Reston Town Center Grand Prix

7 Jul

Fast, fast, fast.  Jason’s got the highlights here.  Amazing how much more of the race you can see when you’re up at the front.

Reston is a great technical crit that rewards both raw speed and, with eight corners in 1.2k, bike handling.  It’s always in late June, and always a showcase crit, so guys show up flying.  This year it was even faster, coming a week after most of the field had been through three hard days of racing at the Tour of Washington County.  You can hope that the field will have tired legs after a big stage race, but a lot of the time it’s the opposite as guys are feeling the training effect of repeated hard days on the bike.  This was an amped-up field for sure.

My plans of a great start to ease the early fight for position were quashed by realizing on the line that I had a slow leak in the rear tire.  So sprint back to the car, quick wheel change from a helpful teammate, and get back to the rear of the group just in time for the last 30 seconds of the chief referee’s spiel.

The pattern was set by five minutes into the race: sprint hard to keep the gap manageable on the last two corners and uphill home stretch, then be super-aggro to close up gaps or move up through the corners on the rest of the course.  I wasn’t deliberately tail-gunning it, but I definitely heard the follow moto ref more than I had wanted.

Photo copyright Jay Westcott. http://www.jaywestcott.net

At one point, I noticed my tongue wasn’t dragging on the ground quite as much as before, and saw that the field had sat up with about 10 to go.  Amazing, I might actually make it through this thing.  Then a guy put in a short attack, and we were strung out again for a few laps, until six to go when the whole field just stopped pedaling.  Thanks to Joe Jefferson’s enthusiastic commentary I knew there was still a guy up the road, but everyone was just looking at each other.  One of the corner marshals said he had 20 seconds, which could well do it if we were all going to stare at each other.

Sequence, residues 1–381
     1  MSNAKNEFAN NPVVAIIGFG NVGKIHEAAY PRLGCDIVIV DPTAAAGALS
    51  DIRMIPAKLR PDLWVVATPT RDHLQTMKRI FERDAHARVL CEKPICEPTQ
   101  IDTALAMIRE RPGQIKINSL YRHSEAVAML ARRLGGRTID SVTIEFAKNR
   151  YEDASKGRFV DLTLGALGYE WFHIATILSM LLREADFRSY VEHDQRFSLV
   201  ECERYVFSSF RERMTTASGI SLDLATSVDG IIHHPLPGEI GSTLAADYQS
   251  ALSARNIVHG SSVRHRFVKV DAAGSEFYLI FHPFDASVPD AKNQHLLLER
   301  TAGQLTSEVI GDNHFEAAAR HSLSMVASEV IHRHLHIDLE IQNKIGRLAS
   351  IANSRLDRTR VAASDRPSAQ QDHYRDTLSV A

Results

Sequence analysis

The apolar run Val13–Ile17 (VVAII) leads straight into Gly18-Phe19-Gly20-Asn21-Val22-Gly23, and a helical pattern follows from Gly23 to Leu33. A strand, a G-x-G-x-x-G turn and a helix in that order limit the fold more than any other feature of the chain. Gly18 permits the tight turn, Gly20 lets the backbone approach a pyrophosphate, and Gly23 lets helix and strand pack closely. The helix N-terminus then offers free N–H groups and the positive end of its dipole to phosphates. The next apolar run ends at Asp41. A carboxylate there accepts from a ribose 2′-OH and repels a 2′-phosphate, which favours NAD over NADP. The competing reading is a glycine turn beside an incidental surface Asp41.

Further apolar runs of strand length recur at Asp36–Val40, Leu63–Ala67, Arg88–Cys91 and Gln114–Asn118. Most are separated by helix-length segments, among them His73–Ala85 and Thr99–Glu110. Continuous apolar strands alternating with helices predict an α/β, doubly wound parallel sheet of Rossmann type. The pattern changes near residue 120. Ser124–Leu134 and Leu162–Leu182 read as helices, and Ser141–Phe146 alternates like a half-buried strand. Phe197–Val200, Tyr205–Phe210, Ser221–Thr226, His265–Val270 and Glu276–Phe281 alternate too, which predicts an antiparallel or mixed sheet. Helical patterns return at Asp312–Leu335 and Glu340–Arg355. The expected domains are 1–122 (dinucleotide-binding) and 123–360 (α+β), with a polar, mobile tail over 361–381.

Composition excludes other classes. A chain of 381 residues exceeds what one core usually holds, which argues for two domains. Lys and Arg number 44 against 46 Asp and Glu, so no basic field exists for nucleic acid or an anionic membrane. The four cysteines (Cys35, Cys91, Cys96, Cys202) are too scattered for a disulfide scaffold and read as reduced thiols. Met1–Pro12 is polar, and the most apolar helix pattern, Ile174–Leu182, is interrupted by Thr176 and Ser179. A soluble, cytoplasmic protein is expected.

We still had two sprinters and a late-break specialist in the field, so it seemed like a good time to light that last match and close this down.  I got to the front for the only time all day, and pulled for a lap or so.  The Bike Doctor guy off the front came back, the counter from Whole Wheel went immediately, and I was cooked.  I started looking for a wheel to grab but couldn’t hang on to anything.

As I spent a lap trying to cling to the field and finally being ejected from the rear, Jason was launching to get on what looked like the winning move.  I saw the three of them heading towards me as I came around the next-to-last turn, where the two parts of the course face each other.  The speed at which I was going to be lapped was as exhilarating as it was depressing: Jason’s move might just do it.  Those guys were flying.

I got yanked on the bell lap in order to ensure a clean finish, but the refs were kind enough to place me.  Unfortunately, Jason’s move was caught, and the guy from Carytown (who had just been in the previous move with Jason) won the sprint by lengths and lengths.

All in all, a hard, fun day on the bike.  And my teammate Jay was there with his camera making us all look like rockstars, so we’ve got that going for us.

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